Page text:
We’ll I’m glad we all waited with baited breath for the Deputy Prime Minister’s announcement on ‘Locally-led Garden Cities’. That’s right, garden cities – of 15,000 homes. Err, that doesn’t sound much like a city. In fact, it doesn’t really sound much like anything at all. What does 15,000 homes get you in isolation? A couple of primary schools and a secondary, and maybe a large food store. Perhaps a couple of bus routes? Hardly inspiring, and certainly not sustainable.
Like a rehash of a bad policy announcement under the last knockings of the previous Labour administration, locally-led Garden Cities is all soundbite, and no substance. At best, 15,000 homes is a decent suburb, but to function properly it needs to be able to borrow from the services and facilities of a much bigger settlement. It will make chaff-all difference to housing demand and supply, and it isn’t a particularly good way of spending money – state or private. Much better to focus on locations with good existing infrastructure, or where new infrastructure is already planned to be delivered.
Of course, that inevitably means looking at the Green Belt, two words that are strangely absent from the prospectus. What the prospectus does suggest is that new Garden Cities should be locally led, and supported by local communities. If those conditions existed, we wouldn’t have needed a prospectus on Garden Cities in the first place.
Look out for schemes that have already been around for years being re-badged as Garden Cities any time soon…
I don’t really know what to make of the Skyline campaign to control the development of towers in London. London is changing – but not for the sake of it. The GLA has written to Bedford Borough Council (copying in all authorities in London’s hinterland, which will obviously have to include Manchester and Birmingham post HS2), asking them to give consideration to London’s housing requirements when planning their own development allocations. Notwithstanding the emerging London Plan housing target of 42,000 homes per annum, the GLA are predicting the actual requirement could be as high as 75,000 (yes, per annum). So it’s surely inevitably that when development does occur on the scant bit of land that is available in central London that we are going to have to go up.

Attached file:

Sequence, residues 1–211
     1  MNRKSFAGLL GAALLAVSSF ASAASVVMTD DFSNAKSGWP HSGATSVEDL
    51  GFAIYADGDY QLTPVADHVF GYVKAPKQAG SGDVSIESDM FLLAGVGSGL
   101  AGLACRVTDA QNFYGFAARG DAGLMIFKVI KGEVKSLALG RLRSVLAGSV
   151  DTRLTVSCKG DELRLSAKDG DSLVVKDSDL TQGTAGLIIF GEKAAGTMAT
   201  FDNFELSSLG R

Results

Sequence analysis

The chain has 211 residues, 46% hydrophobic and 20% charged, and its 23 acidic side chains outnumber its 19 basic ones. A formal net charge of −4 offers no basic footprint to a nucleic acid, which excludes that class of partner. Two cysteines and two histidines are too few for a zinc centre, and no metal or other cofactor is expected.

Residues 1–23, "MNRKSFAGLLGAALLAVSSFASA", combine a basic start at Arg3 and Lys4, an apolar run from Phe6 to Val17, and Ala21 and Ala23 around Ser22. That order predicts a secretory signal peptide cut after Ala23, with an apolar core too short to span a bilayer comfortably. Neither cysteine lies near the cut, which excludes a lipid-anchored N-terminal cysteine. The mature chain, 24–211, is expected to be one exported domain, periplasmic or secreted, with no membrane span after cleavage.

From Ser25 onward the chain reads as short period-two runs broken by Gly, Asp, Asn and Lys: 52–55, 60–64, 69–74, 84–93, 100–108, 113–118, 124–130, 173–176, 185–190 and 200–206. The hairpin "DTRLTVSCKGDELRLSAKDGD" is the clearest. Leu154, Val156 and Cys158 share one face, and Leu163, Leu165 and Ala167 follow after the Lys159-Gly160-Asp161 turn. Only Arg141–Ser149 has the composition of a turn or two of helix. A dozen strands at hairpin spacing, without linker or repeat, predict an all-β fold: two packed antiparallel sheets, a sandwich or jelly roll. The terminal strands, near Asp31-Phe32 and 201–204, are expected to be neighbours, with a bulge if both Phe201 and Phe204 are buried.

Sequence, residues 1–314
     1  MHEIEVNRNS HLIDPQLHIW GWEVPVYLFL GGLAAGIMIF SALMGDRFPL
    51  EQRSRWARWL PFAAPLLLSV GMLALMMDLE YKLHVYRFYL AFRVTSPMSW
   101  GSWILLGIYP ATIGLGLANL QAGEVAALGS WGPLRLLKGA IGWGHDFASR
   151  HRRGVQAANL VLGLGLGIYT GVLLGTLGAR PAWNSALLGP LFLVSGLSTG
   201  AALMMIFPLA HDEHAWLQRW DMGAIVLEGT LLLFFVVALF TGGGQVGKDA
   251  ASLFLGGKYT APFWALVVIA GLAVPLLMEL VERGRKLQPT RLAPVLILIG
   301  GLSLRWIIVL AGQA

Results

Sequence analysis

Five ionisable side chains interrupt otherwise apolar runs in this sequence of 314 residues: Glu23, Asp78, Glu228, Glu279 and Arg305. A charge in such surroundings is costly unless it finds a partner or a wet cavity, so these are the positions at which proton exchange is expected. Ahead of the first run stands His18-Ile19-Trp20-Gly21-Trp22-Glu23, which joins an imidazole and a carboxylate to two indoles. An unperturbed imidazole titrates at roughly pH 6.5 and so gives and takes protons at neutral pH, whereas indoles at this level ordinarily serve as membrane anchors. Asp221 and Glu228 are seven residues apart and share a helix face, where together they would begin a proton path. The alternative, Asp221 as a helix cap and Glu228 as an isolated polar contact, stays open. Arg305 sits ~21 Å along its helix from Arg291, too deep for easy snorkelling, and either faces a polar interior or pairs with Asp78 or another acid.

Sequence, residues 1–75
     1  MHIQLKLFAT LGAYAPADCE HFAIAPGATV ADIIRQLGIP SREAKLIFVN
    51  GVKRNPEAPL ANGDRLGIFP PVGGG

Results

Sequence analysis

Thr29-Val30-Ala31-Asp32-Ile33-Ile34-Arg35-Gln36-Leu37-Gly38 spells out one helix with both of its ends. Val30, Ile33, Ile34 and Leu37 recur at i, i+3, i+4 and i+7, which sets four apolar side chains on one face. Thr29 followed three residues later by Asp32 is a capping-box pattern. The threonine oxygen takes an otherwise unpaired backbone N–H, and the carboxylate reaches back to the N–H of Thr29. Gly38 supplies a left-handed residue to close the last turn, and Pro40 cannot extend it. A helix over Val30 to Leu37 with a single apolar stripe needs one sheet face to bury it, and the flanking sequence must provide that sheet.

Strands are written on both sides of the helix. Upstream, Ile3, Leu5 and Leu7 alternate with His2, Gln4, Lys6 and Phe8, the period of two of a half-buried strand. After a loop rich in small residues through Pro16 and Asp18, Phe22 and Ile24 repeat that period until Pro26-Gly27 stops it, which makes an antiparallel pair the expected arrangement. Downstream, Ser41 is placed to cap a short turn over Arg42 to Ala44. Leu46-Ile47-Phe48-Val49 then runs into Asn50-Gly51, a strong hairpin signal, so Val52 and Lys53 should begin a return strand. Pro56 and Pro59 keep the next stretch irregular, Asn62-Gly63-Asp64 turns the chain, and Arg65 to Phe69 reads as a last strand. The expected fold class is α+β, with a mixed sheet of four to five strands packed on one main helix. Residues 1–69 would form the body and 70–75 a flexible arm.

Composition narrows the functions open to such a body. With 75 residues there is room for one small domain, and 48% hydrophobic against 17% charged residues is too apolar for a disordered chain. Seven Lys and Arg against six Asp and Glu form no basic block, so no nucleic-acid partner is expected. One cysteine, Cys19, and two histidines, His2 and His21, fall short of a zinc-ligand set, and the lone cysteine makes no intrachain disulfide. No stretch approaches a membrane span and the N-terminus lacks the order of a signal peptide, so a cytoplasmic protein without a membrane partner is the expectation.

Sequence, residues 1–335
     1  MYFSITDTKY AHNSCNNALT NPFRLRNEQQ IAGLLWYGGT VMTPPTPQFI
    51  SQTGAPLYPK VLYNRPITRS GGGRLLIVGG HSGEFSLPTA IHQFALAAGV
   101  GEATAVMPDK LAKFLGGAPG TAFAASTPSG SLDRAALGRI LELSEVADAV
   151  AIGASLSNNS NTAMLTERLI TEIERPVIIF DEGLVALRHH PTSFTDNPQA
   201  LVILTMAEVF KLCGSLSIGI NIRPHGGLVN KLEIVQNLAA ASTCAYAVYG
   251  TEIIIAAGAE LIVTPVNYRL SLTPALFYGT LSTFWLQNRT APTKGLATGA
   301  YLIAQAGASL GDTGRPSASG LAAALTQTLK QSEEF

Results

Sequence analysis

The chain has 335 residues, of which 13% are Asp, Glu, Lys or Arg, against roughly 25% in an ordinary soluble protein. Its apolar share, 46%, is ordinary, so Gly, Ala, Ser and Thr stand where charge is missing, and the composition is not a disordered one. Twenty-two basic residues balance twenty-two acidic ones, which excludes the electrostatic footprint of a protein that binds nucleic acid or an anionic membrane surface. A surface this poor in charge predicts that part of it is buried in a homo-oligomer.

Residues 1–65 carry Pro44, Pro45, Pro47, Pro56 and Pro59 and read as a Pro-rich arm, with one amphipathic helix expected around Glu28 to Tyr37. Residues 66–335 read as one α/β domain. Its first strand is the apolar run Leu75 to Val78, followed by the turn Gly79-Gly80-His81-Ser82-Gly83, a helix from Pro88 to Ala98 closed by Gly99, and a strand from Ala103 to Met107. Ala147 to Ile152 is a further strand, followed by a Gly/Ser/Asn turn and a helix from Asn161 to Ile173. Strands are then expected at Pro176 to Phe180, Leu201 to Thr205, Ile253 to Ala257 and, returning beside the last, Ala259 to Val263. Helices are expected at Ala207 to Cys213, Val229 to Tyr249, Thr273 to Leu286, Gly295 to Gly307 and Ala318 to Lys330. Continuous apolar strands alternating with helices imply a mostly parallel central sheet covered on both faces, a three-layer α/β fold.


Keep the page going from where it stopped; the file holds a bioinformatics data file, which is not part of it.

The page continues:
I’ve been critical before of the impact high-density development actually has on housing, but that’s principally to do with the funding gap that pushes developers into seeking off-plan sales to foreign investors in order to make development viable in the first place.
What I don’t accept is that London needs to be any more coordinated in its approach to tower developments. To read some of the press coverage put out by the media, one could be mistaken for thinking that we don’t have a planning system at all. Lets look at the facts. Getting planning permission for a tower anywhere is not easy. It requires planning permission from the local planning authority. By virtue of its scale, it will always be referred to the GLA. The complexity of the project, and the need to curry favour with the local community, elected members and statutory consultees, will typically provoke the client into appointing a well-regarded architect. So why do we need any more control?
The obvious effect of creating some form of skyline commission would be to make it more difficult, and more regulated, to build high rise developments in London. All that will do is slow down, and make more expensive development; hardly priorities at the present time.
It seems to me that the Skyline campaign is an alliance of different interest groups; some supporters are concerned to ensure good quality design, some the location of towers, whilst others are more focused on preventing towers being built at all. Well actually, that’s what the planning system is already there to do, and that’s what planners are already doing. And I don’t think London looks too shabby for it.